By Chris Woodward
August 12, 2014
An advocate for alcohol awareness and education says setting the minimum drinking age is one of the smartest things we’ve ever done for public health.
According to a July 2014 Gallup poll published last week in USA Today’s snapshot section, Americans still oppose lowering the federal drinking age. In fact, the poll found that 74% of Americans are not in favor of lowering the drinking age from 21 to 18.
Mark Creech, president of the American Council on Alcohol Problems and executive director of the Christian Action League, says this data is consistent with previous findings by Gallup in 2001 and 2007.
“Despite a minority who oppose it, unlike many other public policies, this one has 30 years of scientific evidence proving its positive effects,” he tells OneNewsNow. “The current law reduces alcohol related traffic crashes. It reduces alcohol consumption among youth. It protects drinkers from the long-term negative outcomes they are susceptible to in adulthood, including alcohol and drug dependence.”
Creech says the list of benefits goes on, which is one reason he finds it surprising that the poll also indicates support for lowering the drinking age is higher among those with higher levels of education.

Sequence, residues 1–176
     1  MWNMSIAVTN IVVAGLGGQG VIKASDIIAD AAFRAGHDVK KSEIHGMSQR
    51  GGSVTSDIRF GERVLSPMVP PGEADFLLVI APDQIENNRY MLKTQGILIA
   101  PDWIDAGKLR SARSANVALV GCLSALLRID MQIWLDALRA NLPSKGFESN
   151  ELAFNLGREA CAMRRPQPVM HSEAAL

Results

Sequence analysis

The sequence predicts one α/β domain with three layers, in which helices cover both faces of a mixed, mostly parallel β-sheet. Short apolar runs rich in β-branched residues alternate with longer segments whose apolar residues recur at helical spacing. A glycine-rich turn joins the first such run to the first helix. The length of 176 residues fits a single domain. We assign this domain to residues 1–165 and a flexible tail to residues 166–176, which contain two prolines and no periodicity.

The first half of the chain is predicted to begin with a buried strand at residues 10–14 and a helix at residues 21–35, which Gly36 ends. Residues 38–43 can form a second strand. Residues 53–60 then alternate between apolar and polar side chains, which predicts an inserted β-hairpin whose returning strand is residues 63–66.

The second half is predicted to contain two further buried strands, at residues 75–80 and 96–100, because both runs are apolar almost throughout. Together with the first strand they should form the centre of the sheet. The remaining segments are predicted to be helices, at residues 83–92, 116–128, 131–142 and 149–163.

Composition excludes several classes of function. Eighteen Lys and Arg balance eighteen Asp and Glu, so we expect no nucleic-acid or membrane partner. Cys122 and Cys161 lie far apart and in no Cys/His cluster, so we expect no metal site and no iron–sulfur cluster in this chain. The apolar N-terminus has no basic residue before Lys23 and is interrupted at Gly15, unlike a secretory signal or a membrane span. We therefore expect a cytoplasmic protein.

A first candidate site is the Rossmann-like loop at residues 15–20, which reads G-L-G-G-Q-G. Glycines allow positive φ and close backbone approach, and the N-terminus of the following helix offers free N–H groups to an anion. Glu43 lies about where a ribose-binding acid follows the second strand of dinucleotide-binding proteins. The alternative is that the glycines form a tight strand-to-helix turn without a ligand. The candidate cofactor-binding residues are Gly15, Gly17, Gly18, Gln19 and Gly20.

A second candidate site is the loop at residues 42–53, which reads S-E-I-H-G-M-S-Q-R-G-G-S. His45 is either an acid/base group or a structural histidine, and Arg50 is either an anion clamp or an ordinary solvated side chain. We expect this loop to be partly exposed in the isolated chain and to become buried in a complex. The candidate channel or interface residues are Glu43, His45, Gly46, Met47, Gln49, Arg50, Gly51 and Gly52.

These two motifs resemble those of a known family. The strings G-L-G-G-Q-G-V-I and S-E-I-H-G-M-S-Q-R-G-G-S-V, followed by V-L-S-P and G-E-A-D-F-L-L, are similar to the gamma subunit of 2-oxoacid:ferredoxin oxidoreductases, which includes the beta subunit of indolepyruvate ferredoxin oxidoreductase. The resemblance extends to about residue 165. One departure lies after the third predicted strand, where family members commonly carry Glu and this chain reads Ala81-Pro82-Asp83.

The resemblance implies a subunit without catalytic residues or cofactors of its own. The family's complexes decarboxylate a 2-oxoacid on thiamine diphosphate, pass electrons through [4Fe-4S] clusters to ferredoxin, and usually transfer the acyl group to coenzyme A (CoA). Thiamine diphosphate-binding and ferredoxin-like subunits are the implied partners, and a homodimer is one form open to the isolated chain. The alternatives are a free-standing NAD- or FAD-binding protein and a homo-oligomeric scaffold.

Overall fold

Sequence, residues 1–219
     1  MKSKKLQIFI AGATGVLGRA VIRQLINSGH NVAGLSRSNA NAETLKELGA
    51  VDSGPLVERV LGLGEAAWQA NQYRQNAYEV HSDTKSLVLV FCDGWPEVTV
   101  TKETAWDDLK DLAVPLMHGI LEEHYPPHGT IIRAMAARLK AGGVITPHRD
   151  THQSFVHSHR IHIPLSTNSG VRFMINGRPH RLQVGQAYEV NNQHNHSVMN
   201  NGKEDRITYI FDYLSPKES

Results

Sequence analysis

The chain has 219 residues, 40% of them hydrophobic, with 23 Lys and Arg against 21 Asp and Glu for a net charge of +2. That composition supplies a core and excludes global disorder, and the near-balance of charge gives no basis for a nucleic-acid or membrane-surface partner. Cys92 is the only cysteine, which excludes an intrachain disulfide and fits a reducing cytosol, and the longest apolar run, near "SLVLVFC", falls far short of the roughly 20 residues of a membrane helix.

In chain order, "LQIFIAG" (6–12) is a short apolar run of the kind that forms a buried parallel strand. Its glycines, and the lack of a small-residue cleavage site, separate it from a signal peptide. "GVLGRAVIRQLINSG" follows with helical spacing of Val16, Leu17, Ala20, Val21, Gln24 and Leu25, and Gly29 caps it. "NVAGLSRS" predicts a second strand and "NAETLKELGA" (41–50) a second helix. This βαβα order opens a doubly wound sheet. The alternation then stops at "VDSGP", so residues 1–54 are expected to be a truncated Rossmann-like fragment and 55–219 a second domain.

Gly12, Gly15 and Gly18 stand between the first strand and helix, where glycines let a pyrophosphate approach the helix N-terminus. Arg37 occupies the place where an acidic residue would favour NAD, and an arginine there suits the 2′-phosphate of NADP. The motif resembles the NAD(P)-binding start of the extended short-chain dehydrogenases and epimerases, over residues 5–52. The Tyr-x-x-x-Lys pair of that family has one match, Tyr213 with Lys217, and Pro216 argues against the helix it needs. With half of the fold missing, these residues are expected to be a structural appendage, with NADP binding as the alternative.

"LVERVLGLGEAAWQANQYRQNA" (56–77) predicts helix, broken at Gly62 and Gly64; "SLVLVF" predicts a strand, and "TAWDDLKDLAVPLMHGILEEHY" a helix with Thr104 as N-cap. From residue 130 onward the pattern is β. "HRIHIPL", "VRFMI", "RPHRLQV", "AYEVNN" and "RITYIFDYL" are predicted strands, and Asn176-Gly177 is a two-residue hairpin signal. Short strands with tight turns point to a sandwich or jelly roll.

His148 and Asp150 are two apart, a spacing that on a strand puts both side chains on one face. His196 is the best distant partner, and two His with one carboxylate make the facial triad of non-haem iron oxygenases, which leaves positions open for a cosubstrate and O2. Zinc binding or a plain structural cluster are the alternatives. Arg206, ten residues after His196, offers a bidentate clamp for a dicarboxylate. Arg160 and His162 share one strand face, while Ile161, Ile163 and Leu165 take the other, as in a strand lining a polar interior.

“Lowering the legal drinking age would lead to a substantial increase in injuries, deaths and other negative consequences,” he says. “So I’m certain that we can say on this question that the jury is back, the verdict is in, and the minimum legal drinking age is one of the smartest things we’ve ever done for the public’s health.”
Creech does address the arguments that some people, including self-identified Christians, make in favor of lowering the drinking age. Examples are ‘Europeans let their children drink at an early age,’ and ‘If you’re old enough to go to war, then you ought to be able to drink.’ Even so, Creech says results from a “mountain of social data” prove all of these assertions dead wrong.
“Actually, with our minimum drinking age laws set at 21, we have fewer alcohol related problems than most other countries that allow their children to begin drinking at an earlier age,” he adds. “No evidence exists to show that students will learn to drink more responsibly simply because they are able to drink earlier in life. In fact, what we see is that high-risk drinking consequences appear to be more severe for those who do.”
This article was posted with permission of OneNewsNow.com.
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